It felt like wearing a seat belt in a parked car and then unbuckling the seat belt just as I put the car in drive. It felt like doing the opposite of what safety precautions should dictate. So I wrote this piece essentially pointing out, based on lots of research, that this virus does not seem to spread very effectively outside and we should probably think about very soon lifting outdoor mask mandates while encouraging vaccinated and unvaccinated people to wear their masks in public indoor spaces.
I want people to live their life as normally as possible while protecting themselves as reasonably as possible. And I think the way to do that is: masks inside, masks in crowds, no outdoor mask mandates for people just living their life outside.
Higgins: If hygiene theater is what we’ve maybe been overdoing, what haven’t we been doing enough of that we should probably do more?
Thompson: I’m really glad that you asked that. I think people listen to me and [often] they’re like: Oh, you don’t take the pandemic seriously. And I do. I just conceptualize of this pandemic very specifically. It’s an indoor, talking disease, for the most part. If you are talking or breathing inside in an exerted way, like at the gym, that’s where the threat is. I think that people have sometimes had a really backward idea of what they should be doing inside.
I wrote this piece last summer about library rules for America. We should have signs on places like CVS or Trader Joe’s that say: Please Keep Your Voice Down. This disease truly does spread through the aerosolization that comes from our talking. So people who go into CVS with their masks on and then pull down their mask to talk more clearly into [their cellphone] have completely misunderstood how this virus works. Don’t do that. Keep your voice down. That’s a very reasonable thing to ask of people in these public spaces.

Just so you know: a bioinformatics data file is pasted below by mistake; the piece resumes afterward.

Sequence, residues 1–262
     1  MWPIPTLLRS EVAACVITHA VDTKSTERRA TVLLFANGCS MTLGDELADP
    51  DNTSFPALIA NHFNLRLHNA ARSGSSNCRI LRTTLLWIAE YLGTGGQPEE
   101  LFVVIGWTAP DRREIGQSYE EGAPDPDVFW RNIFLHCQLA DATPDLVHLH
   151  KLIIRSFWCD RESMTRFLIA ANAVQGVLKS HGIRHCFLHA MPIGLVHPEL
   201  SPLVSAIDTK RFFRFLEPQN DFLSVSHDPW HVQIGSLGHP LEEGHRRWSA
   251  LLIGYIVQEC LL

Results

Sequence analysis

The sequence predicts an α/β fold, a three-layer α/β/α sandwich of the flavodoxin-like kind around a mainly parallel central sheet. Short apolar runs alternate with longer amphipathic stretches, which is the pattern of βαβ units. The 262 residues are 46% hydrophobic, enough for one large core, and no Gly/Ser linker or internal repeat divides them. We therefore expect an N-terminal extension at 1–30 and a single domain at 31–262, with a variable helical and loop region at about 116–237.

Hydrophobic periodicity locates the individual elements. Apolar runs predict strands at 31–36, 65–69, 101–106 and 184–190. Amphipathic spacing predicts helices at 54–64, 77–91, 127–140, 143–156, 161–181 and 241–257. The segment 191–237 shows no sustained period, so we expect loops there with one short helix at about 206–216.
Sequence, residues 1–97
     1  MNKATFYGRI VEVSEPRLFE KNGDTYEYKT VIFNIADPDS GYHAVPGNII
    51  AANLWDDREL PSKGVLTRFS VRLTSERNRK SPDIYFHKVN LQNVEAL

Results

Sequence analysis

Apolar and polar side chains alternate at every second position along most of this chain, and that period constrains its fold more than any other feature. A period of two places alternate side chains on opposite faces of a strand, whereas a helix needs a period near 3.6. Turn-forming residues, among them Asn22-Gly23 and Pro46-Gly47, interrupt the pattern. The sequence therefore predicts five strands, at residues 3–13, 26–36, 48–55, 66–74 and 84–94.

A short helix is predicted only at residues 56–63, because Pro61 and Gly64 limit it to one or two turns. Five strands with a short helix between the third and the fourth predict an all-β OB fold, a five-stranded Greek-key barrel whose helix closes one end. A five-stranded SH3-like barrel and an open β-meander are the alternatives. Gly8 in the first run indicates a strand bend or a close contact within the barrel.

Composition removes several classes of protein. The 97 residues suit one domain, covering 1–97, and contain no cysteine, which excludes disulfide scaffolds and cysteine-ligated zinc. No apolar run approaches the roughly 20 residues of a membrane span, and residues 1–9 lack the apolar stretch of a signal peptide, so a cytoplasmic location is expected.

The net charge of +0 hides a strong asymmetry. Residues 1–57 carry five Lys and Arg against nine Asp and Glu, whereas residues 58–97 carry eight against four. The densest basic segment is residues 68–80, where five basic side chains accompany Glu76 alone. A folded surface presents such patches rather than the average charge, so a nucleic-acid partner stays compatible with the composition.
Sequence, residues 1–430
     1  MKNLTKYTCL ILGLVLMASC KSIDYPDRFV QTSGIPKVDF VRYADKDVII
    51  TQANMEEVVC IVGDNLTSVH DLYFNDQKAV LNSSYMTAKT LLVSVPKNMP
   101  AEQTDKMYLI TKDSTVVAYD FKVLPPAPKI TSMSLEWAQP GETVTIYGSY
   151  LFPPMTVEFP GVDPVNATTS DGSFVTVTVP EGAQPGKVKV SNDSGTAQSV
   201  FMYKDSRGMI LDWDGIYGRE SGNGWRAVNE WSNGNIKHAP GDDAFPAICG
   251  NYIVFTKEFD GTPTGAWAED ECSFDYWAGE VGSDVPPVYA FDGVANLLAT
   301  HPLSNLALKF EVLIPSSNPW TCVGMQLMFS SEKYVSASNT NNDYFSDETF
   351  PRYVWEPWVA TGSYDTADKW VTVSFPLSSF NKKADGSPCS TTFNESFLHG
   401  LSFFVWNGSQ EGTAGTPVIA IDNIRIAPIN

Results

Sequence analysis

But I’m for giving and taking. We should take away from people this freedom they might feel to chat loudly on the phone in CVS and Trader Joe’s, while at the same time giving them the removal of outdoor mask mandates. [We should be] giving them the outside, not shutting down beaches [or] shaming people for going out in a park without their masks on. We should be celebrating the outdoors, while more tightly regulating the indoors.
Hamblin: I couldn’t agree more with you, Derek. This is an issue that, in covering health behaviors, I tend to run up against quite a lot. People see binaries. Something is either good or bad. And masks seem to fall in that category where it’s hard to emphasize that things are only good or bad in context.
How do you think about threading that needle for people who are just like: I thought I needed to wear a mask. Now you’re saying I don’t need to wear a mask? I think Dr. [Anthony] Fauci sees that binary and thinks: We need to keep people in the “Masks are good” category and not the “Masks are bad” category.